Hydrogen and helium account for much of the visible mass in the universe. Their properties are important for understanding the giant planets, Jupiter and Saturn, but experiments under the relevant conditions are challenging. Even though they are the simplest elements in the periodic table, calculating their properties is not simple since they are highly quantum systems. For example, it has long been an open question how hydrogen makes a transition from a molecular insulating state to an atomic metallic state. We have developed new simulation methods starting from “first principles” to treat such systems and using them, have studied molecular dissociation in liquid hydrogen and have observed clear evidence of an “extra” liquid-liquid phase transition for temperatures 600K < T <1500 K. We have performed a “random structure search” to determine the ground-state crystal structures of atomic metallic hydrogen from 500 GPa to 5 TPa. We also examined hydrogen–helium mixtures at Mbar pressures and high temperatures (4000 to 10000 K) and determined the temperature, at a given pressure, when helium becomes insoluble in dense metallic hydrogen: this could explain some of the observed differences between Jupiter and Saturn.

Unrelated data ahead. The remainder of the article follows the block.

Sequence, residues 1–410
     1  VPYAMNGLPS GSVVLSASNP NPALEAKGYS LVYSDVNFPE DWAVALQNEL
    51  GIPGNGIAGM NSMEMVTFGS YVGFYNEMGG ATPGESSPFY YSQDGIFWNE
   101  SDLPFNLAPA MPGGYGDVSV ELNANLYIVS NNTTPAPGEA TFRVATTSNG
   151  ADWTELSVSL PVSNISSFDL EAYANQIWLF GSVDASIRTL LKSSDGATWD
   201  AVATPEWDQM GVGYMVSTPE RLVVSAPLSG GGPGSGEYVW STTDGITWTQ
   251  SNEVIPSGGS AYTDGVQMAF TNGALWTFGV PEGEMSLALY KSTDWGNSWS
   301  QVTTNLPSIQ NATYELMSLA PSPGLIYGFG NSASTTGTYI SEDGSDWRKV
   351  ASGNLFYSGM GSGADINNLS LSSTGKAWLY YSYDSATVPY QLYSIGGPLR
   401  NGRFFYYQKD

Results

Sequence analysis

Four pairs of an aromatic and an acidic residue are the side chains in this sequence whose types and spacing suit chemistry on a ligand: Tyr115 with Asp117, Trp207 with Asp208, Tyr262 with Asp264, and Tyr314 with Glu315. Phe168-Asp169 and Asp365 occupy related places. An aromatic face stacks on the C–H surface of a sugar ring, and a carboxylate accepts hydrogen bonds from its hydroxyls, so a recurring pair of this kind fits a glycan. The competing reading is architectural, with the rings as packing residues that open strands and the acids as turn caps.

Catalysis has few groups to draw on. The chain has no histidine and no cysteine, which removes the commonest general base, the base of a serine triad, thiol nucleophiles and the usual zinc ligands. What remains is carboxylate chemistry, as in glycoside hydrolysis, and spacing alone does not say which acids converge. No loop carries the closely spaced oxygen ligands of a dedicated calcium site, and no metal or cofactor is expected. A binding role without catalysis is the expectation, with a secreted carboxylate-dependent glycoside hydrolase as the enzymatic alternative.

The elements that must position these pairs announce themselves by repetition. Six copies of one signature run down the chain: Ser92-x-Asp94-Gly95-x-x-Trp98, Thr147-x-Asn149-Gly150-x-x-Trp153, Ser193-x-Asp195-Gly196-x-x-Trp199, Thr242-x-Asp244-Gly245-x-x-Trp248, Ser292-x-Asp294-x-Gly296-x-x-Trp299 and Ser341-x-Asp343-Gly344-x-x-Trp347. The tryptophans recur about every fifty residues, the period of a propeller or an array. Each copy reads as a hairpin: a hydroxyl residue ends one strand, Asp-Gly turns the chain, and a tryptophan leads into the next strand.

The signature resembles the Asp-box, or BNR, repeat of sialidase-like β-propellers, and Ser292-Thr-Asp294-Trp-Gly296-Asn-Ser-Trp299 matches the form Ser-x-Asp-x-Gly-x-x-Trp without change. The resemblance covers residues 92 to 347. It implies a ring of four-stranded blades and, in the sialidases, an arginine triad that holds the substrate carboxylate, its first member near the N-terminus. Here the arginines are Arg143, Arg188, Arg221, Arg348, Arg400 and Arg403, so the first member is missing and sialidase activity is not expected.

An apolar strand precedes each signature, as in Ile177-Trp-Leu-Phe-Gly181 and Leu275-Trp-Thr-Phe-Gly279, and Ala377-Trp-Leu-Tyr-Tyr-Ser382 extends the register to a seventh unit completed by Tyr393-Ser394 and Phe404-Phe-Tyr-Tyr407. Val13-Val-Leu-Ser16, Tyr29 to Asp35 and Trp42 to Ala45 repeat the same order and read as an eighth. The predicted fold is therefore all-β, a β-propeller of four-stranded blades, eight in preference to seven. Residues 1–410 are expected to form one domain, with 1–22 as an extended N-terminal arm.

Speaker: Prof. Vladimir Falko, University of Lancaster, England
Title: "Strain-dependent topology of electron bands in bilayer graphene"
Electrons in bilayer graphene exhibit quite unusual properties: they can
be viewed as `massive chiral fermions' with parabolic dispersion at